Since I'm going to need the date to work out the number of days outstanding, I'll start there.  The steps to accomplish this:

  • Select a cell in the parameter table –> New Query –> From Table
  • Rename the query to "Today"
  • Click the fx icon in the formula bar
  • Modify the formula to show as follows:
    • = Date.From(#"Changed Type"[Value]{0})

(I've discussed this technique a lot on the blog in the past – like in this post – but it basically we are drilling in to the first item in the [Value] column of that table, then wrapping the item with the Date.From() function to extract the date.  We'll use this shortly, but first…

  • Go to home –> Close & Load To… –> Only create connection

And we now have a way to pull up the date when need.

Grabbing the Transactions Table

Next I needed to pull in the ARTransactions table, include the date, work out the number of days outstanding, then band it all.  Here's the steps I used:

  • Select a cell in the ARTransactions table –> New Query –> From Table
  • Add a Custom Column
    • Name:  Today
    • Formula:  =Today

This works since we called our original function Today, and we drilled right in to the date.


Next up, I needed to subtract the Transaction Date from Today's Date:

  • Select the Today's Date column
  • Hold down CTRL and select the Transaction Date column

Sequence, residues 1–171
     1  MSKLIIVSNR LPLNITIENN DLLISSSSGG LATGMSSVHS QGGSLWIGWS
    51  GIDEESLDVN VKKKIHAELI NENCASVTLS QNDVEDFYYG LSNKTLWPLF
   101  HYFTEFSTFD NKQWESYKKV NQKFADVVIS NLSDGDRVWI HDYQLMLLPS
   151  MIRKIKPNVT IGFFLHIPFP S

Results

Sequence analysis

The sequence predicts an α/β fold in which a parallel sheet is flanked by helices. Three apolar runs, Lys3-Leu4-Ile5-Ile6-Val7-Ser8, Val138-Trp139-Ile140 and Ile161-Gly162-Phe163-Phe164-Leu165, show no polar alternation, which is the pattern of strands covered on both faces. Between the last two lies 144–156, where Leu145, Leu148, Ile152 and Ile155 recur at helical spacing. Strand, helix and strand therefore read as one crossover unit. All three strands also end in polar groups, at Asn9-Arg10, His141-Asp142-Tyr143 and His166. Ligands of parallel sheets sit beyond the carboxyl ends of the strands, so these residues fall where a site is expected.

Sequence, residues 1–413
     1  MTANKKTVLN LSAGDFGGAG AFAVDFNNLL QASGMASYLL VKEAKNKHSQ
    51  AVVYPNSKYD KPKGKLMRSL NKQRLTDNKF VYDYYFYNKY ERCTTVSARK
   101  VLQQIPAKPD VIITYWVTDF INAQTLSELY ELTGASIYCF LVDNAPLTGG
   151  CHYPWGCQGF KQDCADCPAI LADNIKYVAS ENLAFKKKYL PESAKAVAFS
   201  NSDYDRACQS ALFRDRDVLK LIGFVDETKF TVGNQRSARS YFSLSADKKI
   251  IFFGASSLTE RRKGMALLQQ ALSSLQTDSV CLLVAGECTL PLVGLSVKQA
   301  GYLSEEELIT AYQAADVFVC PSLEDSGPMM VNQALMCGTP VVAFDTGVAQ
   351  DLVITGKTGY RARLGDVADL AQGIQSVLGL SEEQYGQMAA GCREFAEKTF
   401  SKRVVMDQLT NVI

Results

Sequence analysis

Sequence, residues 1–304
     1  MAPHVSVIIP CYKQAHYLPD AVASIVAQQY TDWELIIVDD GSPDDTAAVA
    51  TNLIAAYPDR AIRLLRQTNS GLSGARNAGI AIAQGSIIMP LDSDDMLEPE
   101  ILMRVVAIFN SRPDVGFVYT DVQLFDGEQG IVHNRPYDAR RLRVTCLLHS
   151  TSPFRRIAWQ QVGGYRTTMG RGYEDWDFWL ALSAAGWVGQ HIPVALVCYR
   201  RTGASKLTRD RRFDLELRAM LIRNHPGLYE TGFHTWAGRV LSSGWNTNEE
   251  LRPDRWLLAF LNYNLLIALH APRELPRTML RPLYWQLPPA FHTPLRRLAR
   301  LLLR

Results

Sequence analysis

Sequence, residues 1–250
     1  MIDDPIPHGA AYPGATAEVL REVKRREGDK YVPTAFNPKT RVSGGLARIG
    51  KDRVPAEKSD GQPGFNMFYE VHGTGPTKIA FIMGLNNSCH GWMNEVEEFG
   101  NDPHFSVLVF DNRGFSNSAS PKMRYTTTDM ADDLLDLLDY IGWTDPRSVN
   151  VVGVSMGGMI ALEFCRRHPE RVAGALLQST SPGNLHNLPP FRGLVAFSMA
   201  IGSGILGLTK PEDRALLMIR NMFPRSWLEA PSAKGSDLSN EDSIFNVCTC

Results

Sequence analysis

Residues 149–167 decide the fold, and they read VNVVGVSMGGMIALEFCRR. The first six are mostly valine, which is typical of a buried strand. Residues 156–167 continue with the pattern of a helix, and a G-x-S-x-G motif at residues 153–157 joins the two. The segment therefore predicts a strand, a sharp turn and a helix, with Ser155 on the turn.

• Go to Add Column –> Date –> Subtract Days


Using the Banding function

The final step is to call the banding function and classify our days:

  • Add Column –> Custom Column
    • Name:  Day OS
    • Formula:  =DayBanding([DateDifference])
  • Right click the Today's Date column –> remove

And we have a nice table that has the grouping level we need:


Another little trick…

Now I'd like to build a PivotTable using this, but I'm not really in love with the idea that I have to load this data to a table first.  I mean really, I only added a single column.  Normally I'd load this to the data model, but I don't really need Power Pivot for what I want to do.  So let's take a look at another little trick that will let us avoid the data duplication that would be caused by loading this to either the Data Model or the worksheet.

  • Close & Load To… –> Only Create Connection

Now we need to build the PivotTable.  I'm going to show the steps for this in Excel 2016 (because I'm working on a computer that only has Excel 2016), but you should be able to make this work in Excel 2010/2013 as well.

  • Insert –> Pivot Table
  • Choose External Data Source (yes, you read that right) –> Choose Connection

In this window, your queries should show up!


  • Select the Query – ARTransactions –> Open
  • Choose to place your Pivot Table wherever you'd like it –> OK

Configure the PivotTable as follows:

  • Rows:  Customer
  • Columns:  Days OS
  • Values:  Amount

And with a couple of sorting and formatting changes, I've got this thing of beauty:


Final Thoughts

I showed a couple of tricks here:  How to use a banding function, and how to build a PivotTable directly against a connection only query without having to go through Power Pivot.  Both useful things that you should have in your arsenal of tools.  Smile